Thursday, September 3, 2015

Railroading facts in Texas


The Texas Railroad Commission, which regulates the Texas oil and gas industry, has decided  that pumping millions of gallons of fracking and drilling waste water into the ground by ExxonMobile subsidiary XTO did not cause a spate of earthquakes in 2013, despite scientific evidence to the contrary.
A peer-reviewed study out of Southern Methodist University had already found that that was “most likely” the cause, adding that industry data would be vital in widening the scope of future studies. But at the hearing, agency examiners weighed that study against the evidence put on the record. XTO was the only party that offered direct evidence, and examiners found in favor of an XTO well located near Azle and Reno.
“I feel appalled. It’s a slap in the face to every citizen of Texas, every citizen in the United States,” says Reno Mayor Lynda Stokes.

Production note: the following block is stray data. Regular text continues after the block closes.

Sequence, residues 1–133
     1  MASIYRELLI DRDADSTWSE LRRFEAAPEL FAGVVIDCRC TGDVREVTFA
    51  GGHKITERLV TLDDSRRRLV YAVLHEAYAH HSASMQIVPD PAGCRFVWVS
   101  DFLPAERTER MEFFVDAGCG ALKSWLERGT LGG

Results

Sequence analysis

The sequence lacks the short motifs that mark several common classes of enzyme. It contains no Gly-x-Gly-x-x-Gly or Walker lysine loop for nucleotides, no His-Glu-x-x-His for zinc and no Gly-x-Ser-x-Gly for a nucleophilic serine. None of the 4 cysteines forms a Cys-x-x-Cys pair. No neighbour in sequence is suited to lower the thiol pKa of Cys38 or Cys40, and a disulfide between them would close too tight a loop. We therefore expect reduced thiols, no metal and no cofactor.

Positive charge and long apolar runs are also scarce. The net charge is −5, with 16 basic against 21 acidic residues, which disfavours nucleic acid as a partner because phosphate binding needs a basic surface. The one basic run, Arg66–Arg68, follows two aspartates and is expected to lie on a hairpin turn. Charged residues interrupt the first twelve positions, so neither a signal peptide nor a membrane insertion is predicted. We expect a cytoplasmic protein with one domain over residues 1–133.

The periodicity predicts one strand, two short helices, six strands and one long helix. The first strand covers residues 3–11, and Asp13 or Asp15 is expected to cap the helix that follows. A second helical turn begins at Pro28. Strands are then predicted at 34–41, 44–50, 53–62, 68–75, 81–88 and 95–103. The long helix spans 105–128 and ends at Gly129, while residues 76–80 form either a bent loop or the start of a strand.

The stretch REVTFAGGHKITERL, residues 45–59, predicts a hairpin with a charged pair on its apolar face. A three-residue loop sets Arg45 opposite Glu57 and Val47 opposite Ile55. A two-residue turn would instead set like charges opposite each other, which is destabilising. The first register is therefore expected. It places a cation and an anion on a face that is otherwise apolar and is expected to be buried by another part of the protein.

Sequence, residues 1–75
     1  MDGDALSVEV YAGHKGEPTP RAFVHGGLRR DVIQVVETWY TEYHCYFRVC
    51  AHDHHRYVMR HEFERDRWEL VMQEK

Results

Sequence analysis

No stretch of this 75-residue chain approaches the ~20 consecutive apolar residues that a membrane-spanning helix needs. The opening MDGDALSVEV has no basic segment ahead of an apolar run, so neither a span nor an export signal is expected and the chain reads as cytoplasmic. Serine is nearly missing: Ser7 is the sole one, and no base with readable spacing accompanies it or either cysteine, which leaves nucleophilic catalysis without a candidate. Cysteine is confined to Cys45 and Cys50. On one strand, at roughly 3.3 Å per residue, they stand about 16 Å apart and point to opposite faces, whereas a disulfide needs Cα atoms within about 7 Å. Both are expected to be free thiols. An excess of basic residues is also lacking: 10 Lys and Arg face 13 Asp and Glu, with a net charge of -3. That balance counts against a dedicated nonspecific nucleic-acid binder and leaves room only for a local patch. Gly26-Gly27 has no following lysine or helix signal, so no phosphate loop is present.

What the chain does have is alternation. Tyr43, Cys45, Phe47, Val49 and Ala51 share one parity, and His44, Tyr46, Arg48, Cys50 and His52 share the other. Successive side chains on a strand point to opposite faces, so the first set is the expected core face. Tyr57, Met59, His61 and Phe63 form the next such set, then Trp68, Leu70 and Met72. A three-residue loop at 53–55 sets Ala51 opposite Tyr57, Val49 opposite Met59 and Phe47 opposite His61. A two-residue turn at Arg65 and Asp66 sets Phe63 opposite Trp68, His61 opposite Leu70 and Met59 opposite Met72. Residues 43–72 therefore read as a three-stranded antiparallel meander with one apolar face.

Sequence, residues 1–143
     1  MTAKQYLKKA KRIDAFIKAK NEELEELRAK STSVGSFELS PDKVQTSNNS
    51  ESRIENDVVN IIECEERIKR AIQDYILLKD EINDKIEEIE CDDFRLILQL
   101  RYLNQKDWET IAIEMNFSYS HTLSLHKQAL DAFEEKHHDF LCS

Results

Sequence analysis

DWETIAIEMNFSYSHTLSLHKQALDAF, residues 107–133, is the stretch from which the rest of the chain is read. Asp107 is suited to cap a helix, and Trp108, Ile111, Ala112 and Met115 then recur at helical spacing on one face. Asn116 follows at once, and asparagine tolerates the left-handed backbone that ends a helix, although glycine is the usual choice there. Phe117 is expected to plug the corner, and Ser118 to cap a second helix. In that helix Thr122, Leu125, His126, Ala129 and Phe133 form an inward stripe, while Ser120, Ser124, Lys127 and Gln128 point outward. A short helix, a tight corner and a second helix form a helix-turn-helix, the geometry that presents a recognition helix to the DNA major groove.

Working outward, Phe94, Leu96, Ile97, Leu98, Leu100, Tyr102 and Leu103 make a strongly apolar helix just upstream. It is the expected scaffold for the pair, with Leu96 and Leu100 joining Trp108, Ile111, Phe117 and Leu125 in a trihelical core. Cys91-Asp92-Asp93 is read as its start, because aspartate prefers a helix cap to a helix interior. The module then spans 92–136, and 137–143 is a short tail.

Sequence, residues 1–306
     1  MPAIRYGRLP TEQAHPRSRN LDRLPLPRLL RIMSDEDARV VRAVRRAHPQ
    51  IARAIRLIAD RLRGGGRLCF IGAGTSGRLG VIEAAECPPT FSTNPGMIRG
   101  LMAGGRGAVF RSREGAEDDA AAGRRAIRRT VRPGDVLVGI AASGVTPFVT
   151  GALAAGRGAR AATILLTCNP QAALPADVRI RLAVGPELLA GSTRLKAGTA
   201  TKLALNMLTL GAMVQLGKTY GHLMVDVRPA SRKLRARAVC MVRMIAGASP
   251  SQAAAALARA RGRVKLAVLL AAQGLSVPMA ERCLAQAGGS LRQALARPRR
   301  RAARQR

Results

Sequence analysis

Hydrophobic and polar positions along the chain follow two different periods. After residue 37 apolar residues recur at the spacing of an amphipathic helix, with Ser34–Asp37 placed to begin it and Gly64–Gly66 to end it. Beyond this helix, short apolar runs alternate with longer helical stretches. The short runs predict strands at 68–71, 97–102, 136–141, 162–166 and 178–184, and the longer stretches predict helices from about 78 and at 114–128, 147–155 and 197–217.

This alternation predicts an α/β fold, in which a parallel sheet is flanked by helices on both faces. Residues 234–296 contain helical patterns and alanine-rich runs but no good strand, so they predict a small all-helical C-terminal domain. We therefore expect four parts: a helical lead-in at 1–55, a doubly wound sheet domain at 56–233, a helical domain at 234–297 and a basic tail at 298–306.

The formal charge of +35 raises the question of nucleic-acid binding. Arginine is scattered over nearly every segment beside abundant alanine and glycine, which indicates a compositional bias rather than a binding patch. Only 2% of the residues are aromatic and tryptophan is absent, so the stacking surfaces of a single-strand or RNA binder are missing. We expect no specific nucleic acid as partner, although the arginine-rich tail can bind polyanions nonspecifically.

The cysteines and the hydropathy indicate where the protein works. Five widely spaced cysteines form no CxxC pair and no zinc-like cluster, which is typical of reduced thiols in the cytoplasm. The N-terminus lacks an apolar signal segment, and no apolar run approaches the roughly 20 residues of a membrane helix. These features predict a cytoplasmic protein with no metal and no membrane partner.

Reno was rattled by the string of earthquakes, and Stokes says the Railroad Commission is not doing its job.
“It’s on the side of industry,” she says. “It’s not there to regulate the industry, it’s there to promote the industry. It’s actually there for both, and that’s kind of like the fox watching the henhouse.”
The Railroad Commission has a staff seismologist, but he did not participate in the hearing.
In an email, a Southern Methodist University spokesperson wrote that the SMU seismology team stands by their peer-reviewed study.
Parties in the hearing have a couple weeks to object to the agency’s findings, but the only parties were XTO and the Railroad Commission itself. [my bolding]
Yes, you can pick your own facts, at least if you pay for them.

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